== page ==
Friday, October 8, 2010

NYT Friday 10/8/10 Brendan Emmett Quigley - Black and White Joy

Thursday night was one of those occasions when I solved the New York Times crossword very late after an evening out. Still, I didn't do too badly ... this is a puzzle by my ACPT nemesis Brendan Emmett Quigley after all.

Once I'd made a slow pass through all the clues, I managed to get a reasonable start by focusing on the NW, with 12a tannic, 1d stag, 1a steer and hence much of that corner. But progress petered out when I failed to complete 5d Ring of Fire and could only think of the coiffure context for {What can give you a heads-up?} at 13d.

So I had to start over elsewhere and recall making little advances throughout the grid, only reaching a definite milestone after 17 minutes with the completion of the whole NW (finally). I had to bite the bullet on one BEQ-esque tricky crossing: didn't know the {Popular bar since 1946} at 20-Across (and actually never did get the drinking bar context out of my head there); the crossing Jalisco just saved me, since the Mexican state rang very vague bells.

This gave me enough to finally see Chrissie Hynde across the middle of the grid, whom I'm only really aware of through other crosswords. And from there I finished off the NE corner with 22 minutes on the clock.

hiraganaHow come the rest took all of 10 minutes? Well I thought I was a genius for remembering the loonie is a Canadian coin, but it turns out that's the $1 and for the $2 at 36-Down, I needed toonie. Over on the left-hand side, there was another challenging crossing of 33a H-O-R-S-E and 28d hiragana. Here I had a gut feeling R was right for the down and was gratified to find the across then made a common word, even though I knew not how it related to basketball.

I didn't pay too much attention to the grid design during solving, other than to appreciate the absence of three-letter entries. The Crucimetrics reveal it as an exceptional grid in its low number of answers (58). This seems to have been achieved without obvious stress: plurals and -ed endings are evident but not in objectionable quantities. Interestingly, the only -ing ending is for the infinitive of a verb, restring at 29-Down.

For solvers who aren't yet aware, BEQ also self-publishes original puzzles at the Brendan Emmett Quigley blog. Here you get at least two puzzles per week for the cost of ... absolutely nothing, though tipping is encouraged to keep the constructing machinery well oiled. Magdalen and I are big fans of what BEQ has to offer and look forward to his humor and occasional irreverence, as well a stiff challenge.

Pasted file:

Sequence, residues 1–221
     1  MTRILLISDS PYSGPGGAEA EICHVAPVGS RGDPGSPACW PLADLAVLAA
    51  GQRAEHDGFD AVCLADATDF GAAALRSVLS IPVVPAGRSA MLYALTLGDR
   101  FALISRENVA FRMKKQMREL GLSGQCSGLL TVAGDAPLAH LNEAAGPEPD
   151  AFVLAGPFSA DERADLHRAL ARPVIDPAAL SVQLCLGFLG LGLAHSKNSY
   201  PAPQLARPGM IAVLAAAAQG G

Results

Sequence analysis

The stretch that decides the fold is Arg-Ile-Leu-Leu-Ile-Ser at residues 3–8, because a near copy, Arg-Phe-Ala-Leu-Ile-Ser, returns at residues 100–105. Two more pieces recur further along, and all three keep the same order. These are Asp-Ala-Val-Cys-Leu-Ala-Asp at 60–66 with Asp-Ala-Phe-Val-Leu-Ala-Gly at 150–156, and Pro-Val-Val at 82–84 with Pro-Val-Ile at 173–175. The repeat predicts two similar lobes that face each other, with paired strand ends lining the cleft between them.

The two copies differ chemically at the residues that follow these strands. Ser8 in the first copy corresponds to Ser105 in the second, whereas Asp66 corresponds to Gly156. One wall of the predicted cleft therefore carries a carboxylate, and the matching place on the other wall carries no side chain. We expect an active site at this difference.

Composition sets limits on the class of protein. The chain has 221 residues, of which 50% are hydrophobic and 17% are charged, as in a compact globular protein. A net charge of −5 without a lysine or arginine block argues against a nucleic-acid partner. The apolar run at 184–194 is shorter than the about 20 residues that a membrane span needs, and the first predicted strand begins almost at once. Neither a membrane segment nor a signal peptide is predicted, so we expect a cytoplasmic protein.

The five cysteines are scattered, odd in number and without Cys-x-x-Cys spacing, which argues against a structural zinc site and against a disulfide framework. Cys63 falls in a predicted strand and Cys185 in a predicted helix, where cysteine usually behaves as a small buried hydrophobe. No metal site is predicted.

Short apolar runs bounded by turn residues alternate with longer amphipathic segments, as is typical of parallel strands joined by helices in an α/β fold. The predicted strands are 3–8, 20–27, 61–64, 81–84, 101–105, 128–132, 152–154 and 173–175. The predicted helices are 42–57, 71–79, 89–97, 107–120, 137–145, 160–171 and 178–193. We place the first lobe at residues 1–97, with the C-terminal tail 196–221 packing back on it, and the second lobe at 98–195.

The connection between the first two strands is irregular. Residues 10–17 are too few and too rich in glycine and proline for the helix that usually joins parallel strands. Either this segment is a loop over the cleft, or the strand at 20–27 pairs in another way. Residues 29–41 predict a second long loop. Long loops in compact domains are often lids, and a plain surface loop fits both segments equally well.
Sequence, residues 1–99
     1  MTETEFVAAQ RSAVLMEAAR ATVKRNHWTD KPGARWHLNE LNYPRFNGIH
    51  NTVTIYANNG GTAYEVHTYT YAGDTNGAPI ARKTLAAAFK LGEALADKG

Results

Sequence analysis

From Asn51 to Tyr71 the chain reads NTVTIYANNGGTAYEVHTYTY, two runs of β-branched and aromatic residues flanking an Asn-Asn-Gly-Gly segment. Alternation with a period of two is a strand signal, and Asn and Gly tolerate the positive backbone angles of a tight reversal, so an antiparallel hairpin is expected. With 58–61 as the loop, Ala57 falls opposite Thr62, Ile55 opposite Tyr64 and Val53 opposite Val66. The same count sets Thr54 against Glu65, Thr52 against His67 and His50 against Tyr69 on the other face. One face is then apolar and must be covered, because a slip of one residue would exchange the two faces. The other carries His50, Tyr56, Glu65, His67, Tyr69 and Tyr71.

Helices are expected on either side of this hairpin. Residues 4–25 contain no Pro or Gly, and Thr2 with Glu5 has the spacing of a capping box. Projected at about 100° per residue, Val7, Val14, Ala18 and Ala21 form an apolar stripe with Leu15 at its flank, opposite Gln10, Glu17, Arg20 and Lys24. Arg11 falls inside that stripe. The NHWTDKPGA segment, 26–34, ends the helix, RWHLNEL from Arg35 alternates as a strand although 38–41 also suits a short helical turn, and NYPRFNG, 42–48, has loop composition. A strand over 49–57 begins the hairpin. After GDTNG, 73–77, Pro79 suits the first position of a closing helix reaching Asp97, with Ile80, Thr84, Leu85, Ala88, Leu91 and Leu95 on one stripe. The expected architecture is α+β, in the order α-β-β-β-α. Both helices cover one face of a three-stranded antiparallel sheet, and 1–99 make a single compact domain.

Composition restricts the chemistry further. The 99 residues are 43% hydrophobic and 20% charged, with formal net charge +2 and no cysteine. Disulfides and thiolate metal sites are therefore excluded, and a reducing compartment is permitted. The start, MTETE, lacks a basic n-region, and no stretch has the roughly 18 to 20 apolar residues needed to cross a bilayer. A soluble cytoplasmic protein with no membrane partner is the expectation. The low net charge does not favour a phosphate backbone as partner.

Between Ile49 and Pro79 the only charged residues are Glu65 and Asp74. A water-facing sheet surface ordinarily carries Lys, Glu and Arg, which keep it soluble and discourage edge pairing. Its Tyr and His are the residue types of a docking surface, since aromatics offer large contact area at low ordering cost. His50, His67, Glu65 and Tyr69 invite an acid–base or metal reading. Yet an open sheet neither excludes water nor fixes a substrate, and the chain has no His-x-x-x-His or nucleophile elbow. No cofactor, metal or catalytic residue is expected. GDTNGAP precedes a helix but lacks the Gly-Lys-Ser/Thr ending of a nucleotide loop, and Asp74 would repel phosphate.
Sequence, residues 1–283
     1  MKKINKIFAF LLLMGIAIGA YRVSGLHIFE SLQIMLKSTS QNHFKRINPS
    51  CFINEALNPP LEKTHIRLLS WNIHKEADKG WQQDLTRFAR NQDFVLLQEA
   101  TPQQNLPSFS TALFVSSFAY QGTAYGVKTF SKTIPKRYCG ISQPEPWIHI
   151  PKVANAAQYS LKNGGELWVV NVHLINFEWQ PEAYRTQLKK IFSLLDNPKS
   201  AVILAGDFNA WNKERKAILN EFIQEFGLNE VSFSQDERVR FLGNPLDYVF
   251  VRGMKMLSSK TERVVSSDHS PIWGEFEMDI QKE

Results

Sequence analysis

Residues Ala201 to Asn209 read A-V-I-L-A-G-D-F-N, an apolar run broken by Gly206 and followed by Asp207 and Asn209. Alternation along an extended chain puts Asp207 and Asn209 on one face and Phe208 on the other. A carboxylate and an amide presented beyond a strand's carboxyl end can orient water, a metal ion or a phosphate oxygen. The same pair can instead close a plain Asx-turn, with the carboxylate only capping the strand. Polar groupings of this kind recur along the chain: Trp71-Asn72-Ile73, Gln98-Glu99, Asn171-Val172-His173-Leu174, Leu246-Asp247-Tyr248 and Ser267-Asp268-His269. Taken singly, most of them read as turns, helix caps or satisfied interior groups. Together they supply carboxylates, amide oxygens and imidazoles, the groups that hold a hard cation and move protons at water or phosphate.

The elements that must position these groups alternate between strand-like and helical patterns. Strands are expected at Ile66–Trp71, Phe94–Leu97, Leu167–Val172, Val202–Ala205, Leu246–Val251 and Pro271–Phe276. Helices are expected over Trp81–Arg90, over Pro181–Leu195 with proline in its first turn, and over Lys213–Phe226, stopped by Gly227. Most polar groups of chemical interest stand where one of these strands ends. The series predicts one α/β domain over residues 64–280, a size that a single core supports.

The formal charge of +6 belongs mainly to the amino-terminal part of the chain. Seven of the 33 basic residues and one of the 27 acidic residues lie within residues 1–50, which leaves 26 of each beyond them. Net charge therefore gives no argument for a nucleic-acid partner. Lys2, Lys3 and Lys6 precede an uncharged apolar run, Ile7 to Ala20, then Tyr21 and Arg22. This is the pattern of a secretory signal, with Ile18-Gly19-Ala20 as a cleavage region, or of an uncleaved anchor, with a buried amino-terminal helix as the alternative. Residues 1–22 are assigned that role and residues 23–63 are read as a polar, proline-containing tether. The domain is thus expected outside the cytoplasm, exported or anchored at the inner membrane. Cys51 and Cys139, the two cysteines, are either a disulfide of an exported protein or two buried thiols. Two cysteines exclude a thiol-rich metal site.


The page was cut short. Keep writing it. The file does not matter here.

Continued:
Solving time: 32 mins (solo, no solving aids)
Clue of the puzz: 13d coin toss {What can give you a heads-up?}
Solution

Brendan Emmett Quigley
Grid art by Sympathy [about the grid colors]

Crucimetrics [about Crucimetrics]
CompilersBrendan Emmett Quigley / Will Shortz
Grid15x15 with 38 (16.9%) black squares
Answers58 (average length 6.45)
Theme squares0 (0.0%)
Scrabble points285 (average 1.52)
Letters usedABCDEFGHIJKLMNOPQRSTUVWXYZ
Video of the Day



22a saw a {"I never ___ moor": Emily Dickinson}. I never saw a moor is the title and first line of a poem by Emily Dickinson (1830–1886). This particular poem seems have inspired many musical settings, such as the one above by Dinos Constantinides.
I NEVER saw a moor,
I never saw the sea;
Yet now I know how the heather looks,
And what a wave must be.

I never spoke with God,
Nor visited in Heaven;
Yet certain am I of the spot
As if the chart were given.
The Doctor is IN

6a Canaan {Biblical figure who received the curse of Ham}. See Curse of Ham.

14a no sense {What a yo-yo might make}. yo-yo = "a stupid or foolish person" [MWCD11].

19a Bennett {Conservative pundit with a daily morning radio show}. I.e. William Bennett.

27a Chrissie Hynde {The great Pretender?}. Chrissie Hynde, best known as the leader of the rock/new wave band The Pretenders.

32a snip {Sound made while working on a mop}. mop = head of hair, now added to Pavlov's Guide to Crosswords.

33a H-O-R-S-E {Basketball shooting game}. See H-O-R-S-E.

2d take a {Lead-in to bath or powder}. References to the expressions "take a bath" and "take a powder".

36d toonie {It's worth a couple of bucks in Canada}. toonie is the nickname of the Canadian $2 coin (cf loonie).

39d muted {Soft, now}. I'm assuming the "now" bit refers to e.g. musical instruments vis-à-vis their unmuted sound?

41d Odie {His vet is Liz Wilson}. Odie is a Cruciverbal Canine.

Image of the Day

Almond Joy